Mind Over Mines - UNICEF’s project uses children’s entertainment to teach life-saving lesson.
When Gayane and Hayk were going to play as usual in their forest meadow, they had no idea what danger faced them.
"Did you know that our forest is full of mines", asks the ginger-feathered Bird quickly approaching the children from behind the colorful tree.
Since May 2005 within the framework of the UNICEF MRE Programme, Gayane and Hayk, the Bird, and other entertaining and educational characters have been cast in "Don’t Touch - Those are Mines!", a puppet play produced for children in Armenia’s "risk zones". Traveling to villages on the border with Azerbaijan, where unmapped and unmarked mines left from the Karabakh war are a hazard, puppeteers teach a life-saving lesson.
What are mines made of? What do they look like? Where they are often placed? How do we recognize areas we should avoid? Answers to these and many other questions get the children carefully following the performance, listening to the stories and advice given by the puppet characters.
Regular performances were held in the 27 most mine affect communities in border regions of the country. In addition to the puppet performances, photo-exhibitions were held in different provinces. Photos by well-known photographer German Avagyan tell about children who suffered from mines.
To ensure that messages on the danger of mines are passed on to children in a continuous manner, UNICEF, jointly with the National Institute of Education of the Ministry of Education and Science of Armenia, has developed two manuals for teachers on how to communicate important messages to school children. The manuals, called "Safety in Our Surrounding", give general information about mined territories of Armenia, as well as the risks connected with them. They provide information on safe behavior in those areas and other essential knowledge, of vital importance.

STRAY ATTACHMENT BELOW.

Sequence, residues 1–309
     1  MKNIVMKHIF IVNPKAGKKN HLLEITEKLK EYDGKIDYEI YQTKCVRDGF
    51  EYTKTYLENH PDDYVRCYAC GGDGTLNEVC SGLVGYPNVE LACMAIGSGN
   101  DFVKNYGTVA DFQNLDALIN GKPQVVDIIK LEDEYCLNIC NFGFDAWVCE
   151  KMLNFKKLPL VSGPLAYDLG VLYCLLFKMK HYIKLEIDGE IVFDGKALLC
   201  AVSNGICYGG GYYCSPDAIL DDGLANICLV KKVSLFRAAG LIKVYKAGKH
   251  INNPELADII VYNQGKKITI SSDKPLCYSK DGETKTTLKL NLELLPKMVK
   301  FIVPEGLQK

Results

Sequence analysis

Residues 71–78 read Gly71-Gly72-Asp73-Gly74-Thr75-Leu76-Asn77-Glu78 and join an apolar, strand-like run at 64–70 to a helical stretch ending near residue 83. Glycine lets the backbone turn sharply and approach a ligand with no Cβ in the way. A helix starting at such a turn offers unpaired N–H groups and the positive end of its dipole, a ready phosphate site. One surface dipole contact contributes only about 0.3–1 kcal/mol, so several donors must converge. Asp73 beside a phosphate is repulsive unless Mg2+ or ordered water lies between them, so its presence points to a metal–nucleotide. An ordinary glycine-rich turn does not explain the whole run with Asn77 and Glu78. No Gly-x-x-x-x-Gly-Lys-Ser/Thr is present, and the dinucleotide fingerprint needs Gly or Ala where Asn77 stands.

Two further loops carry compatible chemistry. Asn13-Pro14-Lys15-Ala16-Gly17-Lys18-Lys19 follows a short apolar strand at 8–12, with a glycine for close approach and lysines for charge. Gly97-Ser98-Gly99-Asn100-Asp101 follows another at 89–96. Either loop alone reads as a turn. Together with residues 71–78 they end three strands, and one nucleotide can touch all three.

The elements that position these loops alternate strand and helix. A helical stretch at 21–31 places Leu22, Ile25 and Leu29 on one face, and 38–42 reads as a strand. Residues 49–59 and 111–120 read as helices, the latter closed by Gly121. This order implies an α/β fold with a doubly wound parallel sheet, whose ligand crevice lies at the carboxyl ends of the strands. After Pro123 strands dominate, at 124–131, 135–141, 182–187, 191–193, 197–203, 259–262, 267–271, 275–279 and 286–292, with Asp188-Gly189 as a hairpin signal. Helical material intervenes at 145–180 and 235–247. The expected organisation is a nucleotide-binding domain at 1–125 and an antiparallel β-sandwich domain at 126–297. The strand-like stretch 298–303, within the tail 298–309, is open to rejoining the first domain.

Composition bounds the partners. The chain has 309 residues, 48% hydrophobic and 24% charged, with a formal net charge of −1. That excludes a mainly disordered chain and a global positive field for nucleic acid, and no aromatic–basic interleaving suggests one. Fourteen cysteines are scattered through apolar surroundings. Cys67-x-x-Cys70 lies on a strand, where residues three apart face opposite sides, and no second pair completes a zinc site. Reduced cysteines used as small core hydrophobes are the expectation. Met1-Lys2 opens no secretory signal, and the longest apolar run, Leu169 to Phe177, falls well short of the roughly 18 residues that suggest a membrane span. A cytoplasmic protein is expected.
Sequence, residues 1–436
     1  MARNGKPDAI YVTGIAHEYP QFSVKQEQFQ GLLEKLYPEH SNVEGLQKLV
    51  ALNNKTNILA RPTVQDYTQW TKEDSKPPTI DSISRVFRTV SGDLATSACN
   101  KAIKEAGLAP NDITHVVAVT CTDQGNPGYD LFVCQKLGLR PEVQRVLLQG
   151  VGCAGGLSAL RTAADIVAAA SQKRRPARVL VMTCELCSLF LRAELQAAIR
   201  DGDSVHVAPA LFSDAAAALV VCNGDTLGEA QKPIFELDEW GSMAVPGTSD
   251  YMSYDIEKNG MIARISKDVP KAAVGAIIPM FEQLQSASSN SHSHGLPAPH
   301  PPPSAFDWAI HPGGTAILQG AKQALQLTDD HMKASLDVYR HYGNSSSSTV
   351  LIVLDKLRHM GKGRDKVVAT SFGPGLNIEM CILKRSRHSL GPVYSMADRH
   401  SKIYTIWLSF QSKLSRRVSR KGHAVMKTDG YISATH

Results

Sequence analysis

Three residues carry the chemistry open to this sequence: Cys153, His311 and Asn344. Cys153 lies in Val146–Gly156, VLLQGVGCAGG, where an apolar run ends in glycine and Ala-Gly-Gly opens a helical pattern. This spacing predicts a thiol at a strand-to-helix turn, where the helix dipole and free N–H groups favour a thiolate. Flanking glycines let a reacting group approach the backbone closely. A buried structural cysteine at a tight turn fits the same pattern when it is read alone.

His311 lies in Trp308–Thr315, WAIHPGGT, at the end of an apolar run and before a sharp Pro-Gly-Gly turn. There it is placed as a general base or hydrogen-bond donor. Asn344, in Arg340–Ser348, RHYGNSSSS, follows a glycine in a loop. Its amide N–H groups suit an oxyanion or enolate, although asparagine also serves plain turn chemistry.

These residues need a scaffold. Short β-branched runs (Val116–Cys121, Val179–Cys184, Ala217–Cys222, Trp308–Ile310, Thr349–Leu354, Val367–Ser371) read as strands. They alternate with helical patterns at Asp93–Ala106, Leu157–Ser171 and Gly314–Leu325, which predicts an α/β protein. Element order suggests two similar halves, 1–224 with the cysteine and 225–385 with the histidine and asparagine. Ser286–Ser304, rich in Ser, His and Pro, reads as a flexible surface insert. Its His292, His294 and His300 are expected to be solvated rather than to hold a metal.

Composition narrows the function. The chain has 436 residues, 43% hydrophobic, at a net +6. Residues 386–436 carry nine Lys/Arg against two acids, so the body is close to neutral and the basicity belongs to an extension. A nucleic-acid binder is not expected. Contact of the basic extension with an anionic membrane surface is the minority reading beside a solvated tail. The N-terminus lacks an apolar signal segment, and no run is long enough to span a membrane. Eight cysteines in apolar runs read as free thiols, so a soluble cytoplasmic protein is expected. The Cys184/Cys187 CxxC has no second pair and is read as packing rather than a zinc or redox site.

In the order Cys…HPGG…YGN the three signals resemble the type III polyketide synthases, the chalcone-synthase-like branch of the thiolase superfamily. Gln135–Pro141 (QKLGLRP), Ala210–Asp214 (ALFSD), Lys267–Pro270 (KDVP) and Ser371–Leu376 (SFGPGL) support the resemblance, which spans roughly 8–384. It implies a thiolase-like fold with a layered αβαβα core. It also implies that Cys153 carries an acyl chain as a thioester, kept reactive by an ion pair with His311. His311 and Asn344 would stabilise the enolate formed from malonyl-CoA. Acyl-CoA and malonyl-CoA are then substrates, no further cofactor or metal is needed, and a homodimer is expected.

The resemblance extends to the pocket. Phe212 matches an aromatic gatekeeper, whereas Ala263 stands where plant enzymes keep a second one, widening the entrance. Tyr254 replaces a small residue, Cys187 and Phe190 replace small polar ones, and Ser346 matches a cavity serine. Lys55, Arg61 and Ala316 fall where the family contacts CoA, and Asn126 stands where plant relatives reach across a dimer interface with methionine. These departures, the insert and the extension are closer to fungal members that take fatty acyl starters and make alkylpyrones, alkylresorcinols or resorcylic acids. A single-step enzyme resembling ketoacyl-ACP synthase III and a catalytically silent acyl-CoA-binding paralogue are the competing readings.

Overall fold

Bosnia and Herzegovina
In the period from July to September 2006, UNICEF Bosnia and Herzegovina (BiH) continued to provide technical, financial and logistical support to the BiH Mine Action Centre (BHMAC) and to implementing agencies involved in MRE and Landmine Victim Assistance (LMVA).
At the beginning of July, an MRE Policy Board Meeting was held by BHMAC, where board members provided suggestions and recommendations on the educational video material for persons employed in forestry, agriculture and construction, developed and presented by the Italian NGO Intersos. As part of the school-based project, Handicap International presented a set of MRE materials for the education sector.
As well in July, an LMVA Policy Board Meeting was held, were the BHMAC information technology department presented the final draft version of the LMVA database and information system. Forms for reporting and obligations of LMVA organizations were introduced and explained.
In August, the newly finalized Standard Operating Procedure (SOP) for Planning of MRE activities in affected communities and the SOP for Integrated Planning of Mine Action, developed by BHMAC in cooperation with UNICEF, were submitted to the BiH Demining Commission for adoption. During this period, based on previously developed Regulations and Guidelines for Accreditation of MRE organizations, the BHMAC started analyzing documentation submitted by different organizations requesting issuance of MRE accreditations.
In September, with UNCEF support and as part of MRE quality control development, the second part of the MRE Management Training for BHMAC operational staff was held, where seven community MRE plans developed by BHMAC regional offices were successfully presented.
The BHMAC continued with daily activities related to management, quality assurance of MRE in the country, preparing the documentation needed for the development of MRE plans, collecting and approving MRE plans, as well as updating the MRE database. The BHMAC provided assistance to local mine action NGOs with analyses, recommendations and technical opinion on the MRE and LMVA project implementation and proposals.
The local NGO AMI, supported by UNICEF, finalized implementation of a project cooperation agreement aiming at the development of eight MRE plans in high impacted communities, as well as the development and implementation of one municipal MRE plan, including urgent marking in two priority areas, followed with basic MRE sessions. Through this process the needs related to mine problems of specific communities were identified and elaborated in the community MRE plans. Finalized plans were presented and approved by municipal Civil Protection Departments, presidents of local communities, the BHMAC and Entity Army de-mining teams.